Frequency Response

Frequency response is another thing to consider when evaluating headphones. Most humans can hear frequencies between 20Hz and 20kHz, so this range is standard for headphones (or at least decent ones). The Momentum in-ear headphones go beyond this range–they have a frequency response of 15Hz to 22kHz, meaning they very likely will pick up on every frequency you can hear.

Listening Experience

Sennheiser Momentum In Ear

Reading the spec sheet for a given set of headphones will only get you so far. Below, we’ll detail what it’s like to hear music through these headphones. On the whole, though, many reviewers have praised these headphones for having a clear sound–there’s enough frequency separation to make music sound authentic, but not so much separation that listening feels unnatural.

Bass

The bass response is where the Momentum in-ear headphones really shine. Given the fact that they use dynamic drivers, this isn’t really a surprise. However, these don’t sound like your typical, cheap bass-heavy headphones. Many of these models have a pronounced bass response, but the bass frequencies bleed over the mids and trebles and overwhelm the listener.

The Momentum headphones have a remarkably focused bass sound, and it also sounds surprisingly deep–something that’s often hard to do with in-ear headphones. The result is a bass response that sounds full without being unnatural or overwhelming the mids and treble frequencies.

Mids

Earlier, we mentioned that headphones with single dynamic drivers often are lacking in one frequency area. For the Momentum in-ear headphones, most reviewers seem to agree that the mid-range frequencies are a bit underwhelming.

Some reviewers have described the mids as “recessed,” which is a fairly accurate descriptor. The midrange isn’t necessarily muddy or poorly defined, but these frequencies seem to be very much in the background when listening. This may not necessarily be a problem for everyone, but it can create a somewhat unbalanced listening experience.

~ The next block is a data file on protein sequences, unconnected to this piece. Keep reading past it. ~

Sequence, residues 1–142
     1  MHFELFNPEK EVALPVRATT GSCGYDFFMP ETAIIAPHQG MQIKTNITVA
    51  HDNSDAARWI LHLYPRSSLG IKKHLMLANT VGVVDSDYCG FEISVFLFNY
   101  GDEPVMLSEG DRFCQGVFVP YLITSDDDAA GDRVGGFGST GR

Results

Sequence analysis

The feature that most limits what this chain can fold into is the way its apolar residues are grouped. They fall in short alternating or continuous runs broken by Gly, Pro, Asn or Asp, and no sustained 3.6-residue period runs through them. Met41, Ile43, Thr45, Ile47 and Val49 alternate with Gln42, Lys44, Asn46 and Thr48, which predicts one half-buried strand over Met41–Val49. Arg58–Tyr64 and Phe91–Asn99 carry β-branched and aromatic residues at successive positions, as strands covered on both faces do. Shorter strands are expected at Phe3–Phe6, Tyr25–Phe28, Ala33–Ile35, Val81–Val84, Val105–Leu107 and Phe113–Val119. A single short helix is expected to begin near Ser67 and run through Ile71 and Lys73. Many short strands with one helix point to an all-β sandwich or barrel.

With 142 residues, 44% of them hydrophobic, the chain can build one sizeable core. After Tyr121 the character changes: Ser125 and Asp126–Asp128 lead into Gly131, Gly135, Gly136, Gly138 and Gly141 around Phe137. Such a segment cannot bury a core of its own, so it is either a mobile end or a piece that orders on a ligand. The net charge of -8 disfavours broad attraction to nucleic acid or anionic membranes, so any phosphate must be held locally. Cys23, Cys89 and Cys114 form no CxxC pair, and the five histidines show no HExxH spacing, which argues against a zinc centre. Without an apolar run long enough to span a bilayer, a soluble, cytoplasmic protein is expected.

Treble

While the pronounced, powerful bass response is one of the defining features of these headphones, the treble response is also fairly strong. This is something that seems to have caused some disagreement among reviewers. Some say that there’s too much treble, leading to a somewhat harsh response. Others claim that, while the treble response is strong, it isn’t overly harsh, and it doesn’t overwhelm other frequencies.

Wearability and Uses

Sennheiser Momentum In Ear PackageListening experience is often the most important thing when buying a pair of headphones, but the listening experience won’t mean much if a given pair of headphones is uncomfortable or otherwise difficult to wear. And because every style of in-ear headphone fits differently, it’s wise to read about this before making a purchase.

General Comfort

Sennheiser designed these earbuds with comfort in mind. Unlike many in-ear headphone models, these ones are designed to meet the ear at a 15-degree angle. And while Sennheiser claims that this feature makes them comfortable enough for most wearers to forget about them entirely, many reviewers beg to differ.

For one, the angled earbuds are more prone to falling out, especially if you don’t choose the exact right size of ear sleeve (the soft tips placed on the ends). And if you’re a person who has ever found one size of ear tips to be too small and the next uncomfortably big, you know that there’s a possibility that none of the provided ear sleeves will fit just right.

That said, Sennheiser includes four different sizes of ear sleeves, which is more than many manufacturers offer. It’s possible that you’ll find one that fits your ear exactly right, even if most in-ear headphones do not. The steel sound tunnel is much smaller than that of many earbuds, though, so you may be more likely to find a good fit with these as opposed to with some other brands, especially if your ears are unusually small.

Device Compatibility

These headphones are somewhat unusual in that they come in separate versions for Android and iOS devices. Both versions look virtually the same, as each one has a three-button remote for volume, track skipping, and answering calls. However, the remote wiring is different for iOS and Android, necessitating two separate versions of otherwise identical earbuds.

Having two separate versions is both a benefit and a potential detriment–Sennheiser’s two-version design means that Android users can finally experience the three-button remote typically reserved for iOS devices. However, if you switch from iOS to Android (or vice versa) you may find yourself stuck with headphones that are incompatible with your device. It’s likely that you would be able to use some features of the Momentum headphones if this were the case, but the remote/microphone combination is unlikely to work with a non-compatible phone.

Potential Uses

In this section, we’ll evaluate the Momentum headphones’ potential compatibility with the following common uses. Not every headphone type is ideal for every possible use, but this guide should give you a sense of how you may be able to use these headphones.